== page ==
Re: random questions


Richard Hendrickson
 

Because I was out of town over the weekend, I'm a bit late getting to this
particular party, but I do want to add a couple of notes to Byron Rose's
insightful and very useful comments. Byron is a superb modeler with vast
experience, so his advice is well worth taking seriously. At the same
time, we need to bear in mind that Byron models freight cars as highly
detailed static display models, the way other people model aircraft, ships,
motor vehicles, and such, which sometimes leads to a "take no prisoners"
approach. Those of us who build models to operate on layouts or dioramas
may feel that .008 grab irons and .007 X .020 brass sill steps are a bit
over the top, and simply too fragile to use on models that must sometimes
be handled and may even (perish the thought!) get derailed. (Please note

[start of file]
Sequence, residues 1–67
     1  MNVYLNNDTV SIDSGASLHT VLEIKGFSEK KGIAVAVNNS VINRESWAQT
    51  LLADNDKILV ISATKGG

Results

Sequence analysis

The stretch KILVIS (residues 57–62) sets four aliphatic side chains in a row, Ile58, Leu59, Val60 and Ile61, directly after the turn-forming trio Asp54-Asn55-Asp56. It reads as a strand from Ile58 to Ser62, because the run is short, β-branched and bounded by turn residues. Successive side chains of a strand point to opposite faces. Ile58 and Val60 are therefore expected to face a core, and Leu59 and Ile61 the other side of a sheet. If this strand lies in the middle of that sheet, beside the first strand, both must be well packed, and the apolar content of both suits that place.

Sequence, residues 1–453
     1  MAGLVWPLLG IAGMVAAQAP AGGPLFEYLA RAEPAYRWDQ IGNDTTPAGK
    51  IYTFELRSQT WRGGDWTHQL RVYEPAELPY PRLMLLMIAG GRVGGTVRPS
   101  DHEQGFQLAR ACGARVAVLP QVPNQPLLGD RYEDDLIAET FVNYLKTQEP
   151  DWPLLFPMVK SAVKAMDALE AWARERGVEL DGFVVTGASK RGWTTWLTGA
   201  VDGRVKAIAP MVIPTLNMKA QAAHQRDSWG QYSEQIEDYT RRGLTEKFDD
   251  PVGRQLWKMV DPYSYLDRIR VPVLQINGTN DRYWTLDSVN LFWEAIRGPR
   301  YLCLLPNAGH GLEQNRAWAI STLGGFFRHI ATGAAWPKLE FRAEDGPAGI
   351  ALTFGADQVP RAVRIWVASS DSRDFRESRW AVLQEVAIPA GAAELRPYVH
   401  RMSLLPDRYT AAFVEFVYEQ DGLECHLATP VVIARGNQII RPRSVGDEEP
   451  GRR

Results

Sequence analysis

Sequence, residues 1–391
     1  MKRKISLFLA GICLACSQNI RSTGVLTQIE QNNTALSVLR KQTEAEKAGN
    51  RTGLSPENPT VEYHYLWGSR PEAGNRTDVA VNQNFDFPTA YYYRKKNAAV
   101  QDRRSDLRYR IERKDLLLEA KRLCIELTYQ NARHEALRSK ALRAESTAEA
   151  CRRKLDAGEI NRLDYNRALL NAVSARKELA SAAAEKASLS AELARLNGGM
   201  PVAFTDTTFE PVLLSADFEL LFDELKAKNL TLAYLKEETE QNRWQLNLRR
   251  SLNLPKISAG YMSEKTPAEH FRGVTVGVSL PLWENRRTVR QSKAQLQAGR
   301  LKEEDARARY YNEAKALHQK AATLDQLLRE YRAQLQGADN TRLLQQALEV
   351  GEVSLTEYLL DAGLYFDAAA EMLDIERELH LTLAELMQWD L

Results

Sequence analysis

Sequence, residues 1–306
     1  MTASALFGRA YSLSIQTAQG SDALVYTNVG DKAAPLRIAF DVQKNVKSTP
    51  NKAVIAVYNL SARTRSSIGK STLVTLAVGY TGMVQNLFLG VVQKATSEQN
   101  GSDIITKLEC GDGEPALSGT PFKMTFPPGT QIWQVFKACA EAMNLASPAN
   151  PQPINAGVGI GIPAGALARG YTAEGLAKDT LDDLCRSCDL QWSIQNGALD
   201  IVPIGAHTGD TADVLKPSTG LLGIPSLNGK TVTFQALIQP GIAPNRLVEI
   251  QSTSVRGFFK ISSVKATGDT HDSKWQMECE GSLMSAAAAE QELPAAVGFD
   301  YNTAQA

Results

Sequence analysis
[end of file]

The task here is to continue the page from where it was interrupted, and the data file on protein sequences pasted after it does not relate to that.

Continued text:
that in saying this I am NOT arguing that operating highly detailed rolling
stock models on a layout is a waste of time or that freight cars will break
and shed pieces unless all the details are oversize and molded on a la
Model Die Casting; I have no sympathy with those who argue that models are
good enough if they look okay from three feet away or who can't get a well
detailed model on the track without breaking it.)

In light of the above, I unrepentantly admit that I routinely use oversize
wire grab irons and A-line steps, I don't model brake rigging and other
underbody detail unless it's visible in profile, I leave the uncoupling
rods on my couplers because the staging tracks on my diorama mandate
magnetic uncoupling, and make some other minor compromises in the interest
of durability and reliable operation. I can only hope that Byron doesn't
turn out to be the gatekeeper at the model railroad equivalent of Valhalla.

By the way, Byron, it's easy to make sharp corners in A-line steps without
breaking them. I hit 'em with a quick jolt from my resistance soldering
tweezers until they glow a little, then plunge them into water. Thus
annealed, they can be bent into any shape you want. Just don't overdo it;
too much juice for too long will melt (or, in the extreme case, vaporize)
them.

Richard H. Hendrickson
Ashland, Oregon 97520

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